Wednesday, November 26, 2008

Configure Logback from your Web Application at Runtime

As mentioned in one of my earlier blog posts, I migrated my OSS project from Apache Commons Logging and Log4j to Simple Logging Facade for Java and Logback. One piece however that was left open was my web logging component. It gives you access to your log files from within the administrative area of your web application. Not only can you download the current logfile, but you can also change the log levels at runtime. Just in case some of your app's users hit an issue and you can't SSH into the server that very moment but have web access - at least you can gain an overview of the situation quickly.

Here is a screen-shot of my application's logging component:

The tables are rendered using the JMesa data grid, which works very nicely. The tables are paginated and the columns are sortable as well as filterable. Furthermore, the table is refreshed via AJAX using the jQuery JavaScript library.

On this page you can:
  • View your log files
  • Download the logfile as text file
  • View the configured loggers
  • View all available logger
  • Set logging levels for any of the available loggers
The backend is implemented using Struts 2 but you should be just as simply be able to switch the code over to Spring MVC 2.5+. There was however a minor hiccup with posting collection data back to the server using JMesa. Only the latest trunk version (As of Nov 26, 2008) allows for getting the row count for each row, which is used to map the collection data back on the server.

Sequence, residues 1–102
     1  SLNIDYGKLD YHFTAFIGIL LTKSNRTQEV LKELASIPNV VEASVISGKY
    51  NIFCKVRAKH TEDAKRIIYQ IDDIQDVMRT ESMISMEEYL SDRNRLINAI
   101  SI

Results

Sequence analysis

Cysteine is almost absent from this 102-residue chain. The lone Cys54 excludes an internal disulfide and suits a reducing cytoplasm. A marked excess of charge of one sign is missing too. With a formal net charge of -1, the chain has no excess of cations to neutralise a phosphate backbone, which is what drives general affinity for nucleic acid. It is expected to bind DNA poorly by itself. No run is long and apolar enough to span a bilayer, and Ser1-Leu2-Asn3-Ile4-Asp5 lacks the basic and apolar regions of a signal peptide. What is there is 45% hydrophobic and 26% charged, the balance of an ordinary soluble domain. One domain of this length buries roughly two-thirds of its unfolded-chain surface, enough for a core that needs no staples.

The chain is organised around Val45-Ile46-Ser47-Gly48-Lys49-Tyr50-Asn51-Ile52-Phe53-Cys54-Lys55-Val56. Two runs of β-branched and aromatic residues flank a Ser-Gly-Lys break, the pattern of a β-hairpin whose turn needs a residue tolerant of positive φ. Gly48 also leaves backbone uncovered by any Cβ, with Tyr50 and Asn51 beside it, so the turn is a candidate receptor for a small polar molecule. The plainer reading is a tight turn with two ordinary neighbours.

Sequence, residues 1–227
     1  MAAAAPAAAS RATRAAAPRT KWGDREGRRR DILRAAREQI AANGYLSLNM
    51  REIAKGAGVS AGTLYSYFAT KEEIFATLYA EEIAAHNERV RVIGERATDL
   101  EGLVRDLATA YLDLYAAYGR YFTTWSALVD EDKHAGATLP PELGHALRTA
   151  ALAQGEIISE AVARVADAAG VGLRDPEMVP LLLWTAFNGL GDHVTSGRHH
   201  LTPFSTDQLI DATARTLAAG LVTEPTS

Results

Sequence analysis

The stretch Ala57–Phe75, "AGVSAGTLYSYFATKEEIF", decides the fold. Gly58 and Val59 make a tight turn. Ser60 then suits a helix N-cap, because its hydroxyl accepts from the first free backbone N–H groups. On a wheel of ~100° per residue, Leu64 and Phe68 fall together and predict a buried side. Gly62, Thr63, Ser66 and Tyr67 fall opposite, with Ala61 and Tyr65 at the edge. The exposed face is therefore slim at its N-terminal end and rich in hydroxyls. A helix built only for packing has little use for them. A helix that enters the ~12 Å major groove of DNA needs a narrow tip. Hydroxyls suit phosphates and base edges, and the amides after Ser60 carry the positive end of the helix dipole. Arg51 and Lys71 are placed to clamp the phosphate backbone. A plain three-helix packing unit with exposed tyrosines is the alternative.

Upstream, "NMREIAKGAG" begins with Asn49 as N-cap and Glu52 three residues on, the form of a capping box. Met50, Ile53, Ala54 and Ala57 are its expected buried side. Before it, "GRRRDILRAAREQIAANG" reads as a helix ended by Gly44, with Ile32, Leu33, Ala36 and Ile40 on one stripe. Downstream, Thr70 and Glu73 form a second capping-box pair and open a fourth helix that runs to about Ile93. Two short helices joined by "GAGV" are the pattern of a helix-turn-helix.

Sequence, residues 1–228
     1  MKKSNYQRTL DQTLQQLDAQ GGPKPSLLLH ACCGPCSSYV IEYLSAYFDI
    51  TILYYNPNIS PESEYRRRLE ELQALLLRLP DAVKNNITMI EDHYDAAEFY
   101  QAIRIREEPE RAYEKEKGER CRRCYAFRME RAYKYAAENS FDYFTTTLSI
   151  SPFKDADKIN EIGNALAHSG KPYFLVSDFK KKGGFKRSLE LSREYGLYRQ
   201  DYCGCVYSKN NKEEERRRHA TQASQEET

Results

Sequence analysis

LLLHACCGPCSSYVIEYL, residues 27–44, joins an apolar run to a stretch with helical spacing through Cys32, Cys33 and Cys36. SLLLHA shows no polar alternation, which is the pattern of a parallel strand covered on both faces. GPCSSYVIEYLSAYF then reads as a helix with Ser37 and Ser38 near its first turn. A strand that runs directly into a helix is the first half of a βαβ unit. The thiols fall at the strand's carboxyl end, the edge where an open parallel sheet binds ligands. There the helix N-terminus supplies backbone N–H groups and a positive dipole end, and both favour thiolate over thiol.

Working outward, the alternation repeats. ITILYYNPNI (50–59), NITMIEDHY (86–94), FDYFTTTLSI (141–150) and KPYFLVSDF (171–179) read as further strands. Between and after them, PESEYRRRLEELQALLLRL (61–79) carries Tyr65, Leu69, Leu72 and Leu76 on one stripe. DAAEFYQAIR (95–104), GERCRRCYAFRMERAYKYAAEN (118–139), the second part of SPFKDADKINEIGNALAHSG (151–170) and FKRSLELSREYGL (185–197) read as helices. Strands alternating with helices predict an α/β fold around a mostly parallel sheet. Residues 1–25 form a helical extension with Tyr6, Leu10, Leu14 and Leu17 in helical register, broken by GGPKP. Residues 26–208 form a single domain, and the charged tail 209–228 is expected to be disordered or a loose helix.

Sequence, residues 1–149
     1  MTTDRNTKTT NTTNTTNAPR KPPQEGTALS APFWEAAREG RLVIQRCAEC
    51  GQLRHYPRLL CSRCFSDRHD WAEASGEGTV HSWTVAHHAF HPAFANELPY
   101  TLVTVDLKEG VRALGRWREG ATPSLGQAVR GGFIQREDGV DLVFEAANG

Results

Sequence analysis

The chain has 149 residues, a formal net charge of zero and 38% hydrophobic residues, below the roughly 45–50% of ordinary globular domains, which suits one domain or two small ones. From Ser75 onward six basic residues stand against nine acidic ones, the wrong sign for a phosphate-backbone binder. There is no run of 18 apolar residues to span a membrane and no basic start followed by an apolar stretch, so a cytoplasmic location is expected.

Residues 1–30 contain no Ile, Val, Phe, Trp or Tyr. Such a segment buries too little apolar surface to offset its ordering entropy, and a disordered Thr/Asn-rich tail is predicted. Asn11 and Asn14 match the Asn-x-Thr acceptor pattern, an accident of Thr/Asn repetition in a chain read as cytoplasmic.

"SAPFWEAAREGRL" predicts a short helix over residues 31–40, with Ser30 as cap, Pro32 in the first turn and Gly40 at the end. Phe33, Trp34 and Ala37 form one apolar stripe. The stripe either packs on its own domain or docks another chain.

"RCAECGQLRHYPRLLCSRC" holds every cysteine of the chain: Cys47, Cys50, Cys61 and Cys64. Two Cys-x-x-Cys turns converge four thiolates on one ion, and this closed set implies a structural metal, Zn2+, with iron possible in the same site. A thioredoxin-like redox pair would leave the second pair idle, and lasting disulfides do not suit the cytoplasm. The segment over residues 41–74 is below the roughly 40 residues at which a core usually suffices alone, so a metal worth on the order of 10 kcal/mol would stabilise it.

Although I originally used Log4j to retrieve the required logging data, the conversion over to Logback has been fairly straightforward. Here is one of the methods that interacts with logback and returns a collection of loggers:
 public static List  <ch.qos.logback.classic.logger> getLoggers(boolean showAll) {

final LoggerContext lc = (LoggerContext) LoggerFactory.getILoggerFactory();
final List loggers = CollectionUtils.getArrayList();

for (ch.qos.logback.classic.Logger log : lc.getLoggerList()) {
if(showAll == false) {
if(log.getLevel() != null || LoggingUtil.hasAppenders(log)) {
} else {

return loggers;
Anyway if you look for something similar for your own application, you can download all the relevant source code here. Please be aware that the archive is not a full demo application but rather a couple of source files cobbled together. If you rather like to see an entire buildable demo application, just let me know.


Adam said...

Thanks for this! I used to do the exact same thing with log4j, but was having trouble figuring it out for SLF4J/logback. Very helpful.

Gunnar Hillert said...

Thanks for the feedback!

Anonymous said...

Thanks for the example. I wrote my own version from the ground up using Spring MVC but borrowed the idea from you.